In-transit shipments

Most shipments transiting Canada have no Canadian licensee involved at the origin or destination. When nuclear substances are transported in packages requiring certification, a CNSC licence to transport is required. The application for such a licence must include information such as the name of the consignor, a description of the nuclear substances to be transported, the amount to be transported and the reason for selecting a route through Canada. Note that a shipment transiting Canada by aircraft or by ship, where there is no scheduled stop, does not require a transport licence.

Category I, II and III nuclear material

A CNSC licence to transport Category I, II or III nuclear material is required to transport material that is defined in section 1 of the Nuclear Security Regulations , such as plutonium, various grades of unirradiated uranium-235, and irradiated fuels consisting of depleted or natural uranium, thorium or low-enriched fuel.

REGDOC-2.12.3, Security of Nuclear Substances: Sealed Sources and Category I, II and III Nuclear Material , offers assistance in preparing a written transportation security plan as required under section 5 of the Nuclear Security Regulations when applying for these licences.

Shipments that cannot meet all of the requirements of the regulations

In some circumstances, a proposed shipment cannot be transported in accordance with all of the regulatory requirements. In this case, the applicant must provide justification as to why the shipment cannot be made in any of the types of packages found in the PTNSR 2015 and the IAEA SSR-6, Regulations for the Safe Transport of Radioactive Material, 2018 Edition . The applicant must provide information to demonstrate that the overall level of safety of transport is at least equivalent to that which would be provided if all of the applicable requirements had been met. The licence will only be issued if the shipment can be done safely.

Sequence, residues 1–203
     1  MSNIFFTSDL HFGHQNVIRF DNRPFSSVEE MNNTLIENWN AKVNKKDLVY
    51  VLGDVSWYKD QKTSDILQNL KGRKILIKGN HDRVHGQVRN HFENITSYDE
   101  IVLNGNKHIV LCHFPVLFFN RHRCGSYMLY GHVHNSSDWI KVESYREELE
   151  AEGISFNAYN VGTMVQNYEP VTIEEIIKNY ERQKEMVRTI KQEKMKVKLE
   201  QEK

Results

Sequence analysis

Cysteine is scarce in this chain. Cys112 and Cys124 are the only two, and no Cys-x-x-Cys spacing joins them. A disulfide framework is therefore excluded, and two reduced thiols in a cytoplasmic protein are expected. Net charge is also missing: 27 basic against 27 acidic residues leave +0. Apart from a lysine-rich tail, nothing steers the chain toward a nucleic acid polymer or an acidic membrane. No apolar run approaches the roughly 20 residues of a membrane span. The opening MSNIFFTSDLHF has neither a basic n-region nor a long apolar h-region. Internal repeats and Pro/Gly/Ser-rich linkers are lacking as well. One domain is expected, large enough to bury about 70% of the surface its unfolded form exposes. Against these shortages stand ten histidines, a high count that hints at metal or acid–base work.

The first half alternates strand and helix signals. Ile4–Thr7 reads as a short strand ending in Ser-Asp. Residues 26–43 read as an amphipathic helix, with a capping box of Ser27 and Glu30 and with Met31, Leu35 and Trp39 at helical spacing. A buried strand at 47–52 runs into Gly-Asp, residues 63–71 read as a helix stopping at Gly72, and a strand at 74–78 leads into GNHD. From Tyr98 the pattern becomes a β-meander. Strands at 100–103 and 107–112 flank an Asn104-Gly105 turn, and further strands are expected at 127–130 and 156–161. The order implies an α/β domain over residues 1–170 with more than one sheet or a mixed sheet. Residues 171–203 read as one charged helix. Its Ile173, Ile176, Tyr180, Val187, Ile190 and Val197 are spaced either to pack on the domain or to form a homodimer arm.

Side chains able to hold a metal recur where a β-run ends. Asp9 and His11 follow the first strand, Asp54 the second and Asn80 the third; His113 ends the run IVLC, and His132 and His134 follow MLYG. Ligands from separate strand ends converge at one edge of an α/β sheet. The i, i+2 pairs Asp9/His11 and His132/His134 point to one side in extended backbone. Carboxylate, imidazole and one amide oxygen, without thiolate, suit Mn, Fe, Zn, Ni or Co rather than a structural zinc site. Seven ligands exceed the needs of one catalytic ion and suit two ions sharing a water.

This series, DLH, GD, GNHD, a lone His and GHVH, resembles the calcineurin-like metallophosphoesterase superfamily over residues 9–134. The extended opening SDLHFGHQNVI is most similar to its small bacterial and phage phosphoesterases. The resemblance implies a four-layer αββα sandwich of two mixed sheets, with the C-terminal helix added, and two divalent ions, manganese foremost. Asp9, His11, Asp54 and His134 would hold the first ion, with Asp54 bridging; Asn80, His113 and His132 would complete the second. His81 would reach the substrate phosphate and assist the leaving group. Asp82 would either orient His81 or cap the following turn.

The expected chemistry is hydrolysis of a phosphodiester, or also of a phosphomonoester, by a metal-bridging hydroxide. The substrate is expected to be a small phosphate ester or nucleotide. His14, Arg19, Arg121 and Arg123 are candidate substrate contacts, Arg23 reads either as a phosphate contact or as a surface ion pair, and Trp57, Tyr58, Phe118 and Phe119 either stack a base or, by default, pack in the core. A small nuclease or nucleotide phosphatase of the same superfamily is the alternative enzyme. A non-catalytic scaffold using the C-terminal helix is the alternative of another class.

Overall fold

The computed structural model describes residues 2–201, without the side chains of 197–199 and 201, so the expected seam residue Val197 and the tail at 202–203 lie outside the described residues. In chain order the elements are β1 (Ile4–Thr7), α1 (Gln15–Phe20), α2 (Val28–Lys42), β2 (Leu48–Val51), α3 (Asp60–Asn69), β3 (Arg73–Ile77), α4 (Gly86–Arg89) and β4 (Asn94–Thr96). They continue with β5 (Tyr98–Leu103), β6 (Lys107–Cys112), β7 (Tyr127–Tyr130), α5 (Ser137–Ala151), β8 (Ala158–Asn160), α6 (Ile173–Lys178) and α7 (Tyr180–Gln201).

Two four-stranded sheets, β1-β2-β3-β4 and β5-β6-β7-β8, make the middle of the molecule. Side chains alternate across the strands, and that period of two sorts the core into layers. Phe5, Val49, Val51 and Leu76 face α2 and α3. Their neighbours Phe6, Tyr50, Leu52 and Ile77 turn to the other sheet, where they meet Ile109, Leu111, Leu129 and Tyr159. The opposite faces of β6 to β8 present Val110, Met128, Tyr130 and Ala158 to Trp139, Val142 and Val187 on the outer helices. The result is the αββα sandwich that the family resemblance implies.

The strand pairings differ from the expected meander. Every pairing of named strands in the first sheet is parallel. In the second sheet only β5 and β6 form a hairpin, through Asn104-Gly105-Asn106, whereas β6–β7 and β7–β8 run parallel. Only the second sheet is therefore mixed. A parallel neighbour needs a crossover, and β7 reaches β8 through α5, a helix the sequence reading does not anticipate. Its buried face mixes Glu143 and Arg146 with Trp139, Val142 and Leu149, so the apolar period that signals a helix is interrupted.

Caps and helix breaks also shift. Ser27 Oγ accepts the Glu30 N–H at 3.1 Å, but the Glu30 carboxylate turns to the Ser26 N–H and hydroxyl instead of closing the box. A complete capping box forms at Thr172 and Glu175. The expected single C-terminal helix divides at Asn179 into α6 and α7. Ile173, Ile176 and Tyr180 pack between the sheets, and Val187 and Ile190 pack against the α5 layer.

Working together to ensure the safe transport of nuclear substances

A circle made-up of four connected puzzle
pieces demonstrating “Who Does What” with respect to the safe
transportation of nuclear substances in Canada. Each puzzle piece
represents different ownership of responsibilities in the process. Text
version below.
Long description:

Safely Transporting Nuclear Substances in Canada: Who Does What?

Canadian Nuclear Safety Commission (CNSC)

  • Establish classification criteria for the transport of nuclear substances and packages
  • Establish packaging standards
  • Certification of packages used to transport higher-risk nuclear substances
  • Issuance of transport licences
  • Review of transportation security plans
  • Establish requirements for radiation protection programs


  • Drivers’ licences and vehicle safety requirements
  • Speed limits, load securement and the weights allowed
  • First response in the event of an emergency
  • Highway and road safety and law enforcement

CNSC and Transport Canada

  • Communication of hazards (via labelling and marking of packages; transport documents; and placarding requirements for vehicles)
  • Reporting requirements

Transport Canada

  • Federal transport regulations for all major modes of transport, including modal-specific requirements for road, air, rail, marine
  • Training requirements of all persons who handle or transport dangerous goods in Canada
  • Operation of Canadian Transport Emergency Centre (CANUTEC) and management of emergency response assistance plans (ERAPs)